The 5 Best Tools My Contractor Dad Ever Gave Me—and Why You Need Them, Too

published Jun 21, 2020
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My dad is a retired contractor who owns just about every tool ever manufactured. We often joke because even though he’s supposed to be retired, he still has about five of everything—measuring tapes, hammers, speed squares… they’re everywhere. Tools litter his workshop, truck, and the laundry room. (He has a separate set of “house tools” he keeps there!) My husband and I have been lucky enough to have him help us on some major renovation projects over the years, and in between, he’s gifted us some very necessary tools that he says will help with any future project that comes down the pipeline. Here are the five I’ve gotten the most use out of, and why you should own them, too.

Credit: Bosch

Cordless pocket drill/driver

You’ve probably been told before you need a heavy-duty cordless drill. And those are great! But this little pocket drill has been a game changer for us, and I’d argue that you could use this instead of a regular drill for most basic tasks. We use ours for everything in and around the house, and we’ve pulled it out for a few outdoor projects, too. That said, I wouldn’t necessarily use it for framing—it performs best when used on medium to smaller projects like installing cabinets, or hanging artwork and shelving. Its tiny, lightweight size makes it really easy to hold if you, like me, have small hands—plus, your arm won’t get fatigued if you’re working on a project that requires you hold the drill in the air for a decent amount of time. Following the example of my father, I now have more than one. And now I rarely use my big fancy power drill!

Buy: Bosch PS21-2A 12V Max 2-Speed Pocket Driver Kit, $87 at Amazon

Credit: DEWALT

Oscillating multi-tool

I legit smile when I use this tool because it really is that awesome. The blades are small, so it can easily fit into tight spots; that makes it the perfect tool for notching out trim or hard to reach spaces. It was constantly in my hands while working on our 1870’s kitchen where literally every surface was un-level and required lots of shims and trimming down. I also love it for smaller DIY projects around the house. I just installed a row of BILLY bookcases in my office and used it to cut out openings in the back of the bookcases to access electrical outlets on the wall. In addition to being a saw, it can also be used as a sanding tool.

Buy: 3 Amp Oscillating Multi-Tool Kit (29-Piece), $159 at Home Depot

Credit: Swanson

Swanson speed square

Absolutely any time we’re working on a job that requires any cutting, my dad grabs a pencil, a tape measure, and his speed square. It’s basically five tools in one handy little gadget that’s small enough to stick in your back pocket. The Swanson speed square is a protractor (used to make circles), a try square (used to check right angles on projects), a miter square (used to mark angles for cutting), a saw guide (used to… guide saws), and a line scriber (used to make semi-permanent guide lines in wood and other materials). That last one’s my favorite—I use the scribing function for smaller DIY and craft projects all the time. Yeah, that’s a lot of output from one humble little tool! If you’re confused, here’s a great video explaining how all of it works.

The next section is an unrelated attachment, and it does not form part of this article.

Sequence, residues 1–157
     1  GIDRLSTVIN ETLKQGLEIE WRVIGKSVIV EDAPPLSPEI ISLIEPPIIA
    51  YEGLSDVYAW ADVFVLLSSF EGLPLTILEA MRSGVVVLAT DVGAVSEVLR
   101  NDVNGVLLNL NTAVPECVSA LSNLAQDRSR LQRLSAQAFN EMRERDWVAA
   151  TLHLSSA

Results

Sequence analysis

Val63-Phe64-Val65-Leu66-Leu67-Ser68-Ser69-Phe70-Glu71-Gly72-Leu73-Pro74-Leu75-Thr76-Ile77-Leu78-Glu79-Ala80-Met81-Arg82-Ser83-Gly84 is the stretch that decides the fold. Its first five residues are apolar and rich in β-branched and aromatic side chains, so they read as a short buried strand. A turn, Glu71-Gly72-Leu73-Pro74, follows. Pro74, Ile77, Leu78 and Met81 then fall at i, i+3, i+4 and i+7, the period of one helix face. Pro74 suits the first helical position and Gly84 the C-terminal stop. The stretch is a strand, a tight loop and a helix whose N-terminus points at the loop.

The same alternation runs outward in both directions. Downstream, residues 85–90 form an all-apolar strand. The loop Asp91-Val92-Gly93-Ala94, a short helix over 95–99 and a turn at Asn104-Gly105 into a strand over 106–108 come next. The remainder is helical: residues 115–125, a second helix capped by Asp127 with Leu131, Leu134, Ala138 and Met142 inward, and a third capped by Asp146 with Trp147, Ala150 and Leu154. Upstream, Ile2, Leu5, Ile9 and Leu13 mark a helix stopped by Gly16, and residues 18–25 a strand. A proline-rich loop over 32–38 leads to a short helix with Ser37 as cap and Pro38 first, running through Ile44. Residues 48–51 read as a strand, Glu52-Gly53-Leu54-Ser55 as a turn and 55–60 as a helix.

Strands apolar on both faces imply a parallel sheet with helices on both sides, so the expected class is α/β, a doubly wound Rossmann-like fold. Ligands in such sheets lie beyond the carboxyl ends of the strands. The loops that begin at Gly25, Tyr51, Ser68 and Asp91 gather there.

Buy: Swanson 7-inch speed square, $13.57 at Home Depot

Credit: Husky

End nippers

As an avid DIYer, I’m constantly working with old, junky things that are in need of a lot of TLC. I use these end nippers frequently while working on upholstery to remove staples that have busted in half. If the staples won’t come out with pliers, I can easily cut them close to the surface so that they disappear into the wood. I can also use them to grab tacks that are too small for my tack lifter. They’re also great for trimming any gauge wire, and I’ve even used them to cut penny tiles. My dad bought me my pair on a visit to Savannah, GA when I was in art school, and I remember he was so excited to introduce me to them. He knew how essential they were and was excited to pass the knowledge on to me.

Buy: Husky 7-inch end nipper, $12.97 at Home Depot

Credit: Bosch

Circular saw

I got my first circular saw while we were working on our kitchen. We were prepping the butcher block countertops and needed to make the most perfect cut in the history of saw cuts for our new undermount sink. My dad had been a bit rough with his tools over the years in an effort to move along quickly on large builds, and we discovered that the one he brought to help us out that day made its cuts at a slight angle. After multiple failed attempts at trying to correct the angled blade, my dad headed for the hardware store and brought back a brand new saw. My husband and I were so broke at the time—we were drowning in unforeseen kitchen expenses, paying a mortgage and rent at our new apartment in the city, and could barely afford gas. I’m sure gifting us that circular saw didn’t seem like a big deal to my dad at the time, but his actions meant so much to me. I’ll never get rid of that saw. Being my dad’s daughter is a gift, too, and I’m grateful to be learning from him.

Buy: Bosch 15 Amp 7-1/4 in. Corded Circular Saw, $108.78 at Home Depot